Surrealism is the new Real

Saturday, February 14, 2015

A Humble Tribute

2015 has been a year of loss. With the exception of a fantastic trip to Las Vegas to see old friends, it's been pretty brutal. The most poignant loss however was that of my old order Amish grandfather, Lester. I got the call saying he was dying during an already turbulent and saddening time. I admit, I'd hoped it was similar to other times when he'd sprung back from the brink of death. I'd been planning something special for his 100th birthday. Namely, the portrait I wound up doing as his and my Grandmother's final tribute. 24 hours after the first call, he had passed, despite my hopes he might make it another day or so for me to go and see him. It was a 6 hour drive, and I had responsibilities I couldn't simply leave behind, no matter how much I wanted to. My grandmother Mary had passed away many years previous, and I had missed that funeral due to lack of ability to travel, so I didn't want that to happen again.

The night before I left to go to the viewing/funeral, I began the portrait, hurriedly trying to block out the composition and at least get everyone's faces outlined. It was difficult, because it's always difficult to look in to the face of someone missing from your life, but it was also somewhat cathartic. My grandmother's face emerged on the page as I watched Guardians of the Galaxy, (talk about a paradox there) and by the time I was satisfied I'd captured the smile I remembered from my youth, it was time to sleep.

The next morning was a whirlwind 6 hour journey to the church across the street from my Grandparents old farm, which had long since been sold to pay for his care. Everyone commented on the greenhouses the new owners had added, and the interesting set up of allowing college students to come out and work in exchange for a bag of fresh food. It was still the same old farm. Upon arrival I actually drove past the church, and only realized I'd gone too far when I saw the familiar landscape of the farm, the old barn and the 2nd of two houses, the first having burned down Christmas 1985. I had many memories of the farm, which I decided (mid 3-point-turn) needed to be part of the eventual finished product.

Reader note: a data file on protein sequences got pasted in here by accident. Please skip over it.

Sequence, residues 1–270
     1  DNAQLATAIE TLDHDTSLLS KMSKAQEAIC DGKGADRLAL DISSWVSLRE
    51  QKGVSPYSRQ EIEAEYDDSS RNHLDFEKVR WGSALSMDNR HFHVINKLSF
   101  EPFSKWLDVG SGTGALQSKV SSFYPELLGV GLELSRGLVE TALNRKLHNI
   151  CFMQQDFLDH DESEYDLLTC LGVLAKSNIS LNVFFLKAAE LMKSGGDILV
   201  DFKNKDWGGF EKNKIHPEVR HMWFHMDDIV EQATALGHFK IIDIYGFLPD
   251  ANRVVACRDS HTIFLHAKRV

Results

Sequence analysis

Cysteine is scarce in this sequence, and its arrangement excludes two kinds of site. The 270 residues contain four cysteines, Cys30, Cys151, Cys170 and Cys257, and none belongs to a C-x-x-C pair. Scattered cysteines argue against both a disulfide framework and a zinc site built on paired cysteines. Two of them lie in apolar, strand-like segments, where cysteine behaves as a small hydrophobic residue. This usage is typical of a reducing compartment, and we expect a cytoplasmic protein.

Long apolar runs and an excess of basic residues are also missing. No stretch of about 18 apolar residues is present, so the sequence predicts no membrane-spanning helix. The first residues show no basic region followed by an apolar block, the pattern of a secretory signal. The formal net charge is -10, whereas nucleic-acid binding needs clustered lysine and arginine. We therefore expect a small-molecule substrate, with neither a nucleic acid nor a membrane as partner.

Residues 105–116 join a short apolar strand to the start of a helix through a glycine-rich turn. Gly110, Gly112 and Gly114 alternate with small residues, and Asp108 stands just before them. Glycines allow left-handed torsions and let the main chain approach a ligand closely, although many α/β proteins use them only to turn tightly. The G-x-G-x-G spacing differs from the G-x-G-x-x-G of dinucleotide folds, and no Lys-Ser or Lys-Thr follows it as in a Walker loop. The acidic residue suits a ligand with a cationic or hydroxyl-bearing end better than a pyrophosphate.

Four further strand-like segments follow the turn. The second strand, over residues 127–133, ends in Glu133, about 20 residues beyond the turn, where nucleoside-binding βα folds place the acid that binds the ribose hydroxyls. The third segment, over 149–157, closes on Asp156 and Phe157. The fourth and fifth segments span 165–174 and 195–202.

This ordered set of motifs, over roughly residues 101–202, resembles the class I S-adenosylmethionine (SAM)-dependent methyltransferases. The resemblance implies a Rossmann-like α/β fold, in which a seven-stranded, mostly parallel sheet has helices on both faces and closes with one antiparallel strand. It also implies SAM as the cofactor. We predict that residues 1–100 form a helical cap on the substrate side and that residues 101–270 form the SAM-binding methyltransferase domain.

As an aside: When I was a child, in the 1st house, there was a metal air vent between the upper hallway and lower living room, where I would sit and watch my older cousins as they rough-housed, or drop seeds or beads onto the unwary. No one was in it when it burned down, and some furniture and a few things were saved. When the new house went up, it had huge bay windows along the side where my brother and I would sit and watch the horse & buggies go by, or examine my Grandmother's seashell animal creations. 

The viewing was long, and hard (see: introvert hell) and I ended up leaving a few hours early for the sake of recharging my already drained batteries, and the chance to spend a couple hours alone working on the portrait, knowing once my aunt & uncle, cousins & parents all returned to the house, it would be distracting and I would likely be part of the conversation and not able to draw. The photo of my grandmother had been sent to me by request from my Uncle, since the one I have of her was hidden in a box somewhere in storage. The photo of my grandfather however was one my mother took on my last visit to see him. We were waiting for the home's church service to start, and as usual, I was drawing to pass the time. He was very amused with my comics, and the photo reflects that amusement. When my uncle sent me the photo of the two of them, I loved my grandmother's smile, but I wanted the amusement of my Grandfather's face from my mother's photo. It wasn't just because it was a better photo - the smile was for me, or at least because of me. There's something far more charming about it, though it was likely a lesser photo than the others I had.

I wasn't really satisfied with it, when it was "done" - I hadn't had time to add the farm, but I did have time to finish the faces, which was really the point. I'd grabbed a frame, and borrowed a few tools from my Aunt & Uncle in order to trim the paper and secure it. I'd brought an easel with which to display it, knowing it was a last minute addition, and it would be better received by the funeral director if I had my own way to put it up, rather than bothering him. In the end, it was what it was - a final tribute in the only way I knew how.

It's very difficult to explain our relationship. We were separated by many years (he was 99 when he passed) and by many cultures. He was an Olde Order Amish man, with simple living and the same 2 eggs over easy every morning for breakfast, like clockwork. I found it difficult to tell him about my life, because I never really knew how much of it he understood. Breast cancer and copperhead bites were within his grasp, but the world traveling to odd museums, colour runs, haunted forests, photo-stories and artistic adventures were well out of his reality, and I'm never sure how much of it he understood when I tried to tell him about it. Then again, at the funeral I found out he liked onion sandwiches, which boggled my mind and made me think I might have inherited some of my strange food tastes from him. One of my 2015 belated New Year's resolutions is to try an onion sandwich on his 100th birthday.

His death was not unexpected (he was 99!) but it's still hard to know that font of love is gone. I miss them both. My only... not regret, but disappointment, is that I couldn't show the portrait to him sooner. He was such a tough old coot, I thought he'd make it to 100, and on that day I'd show up and say "Ta Da! Happy 1 Century!" 

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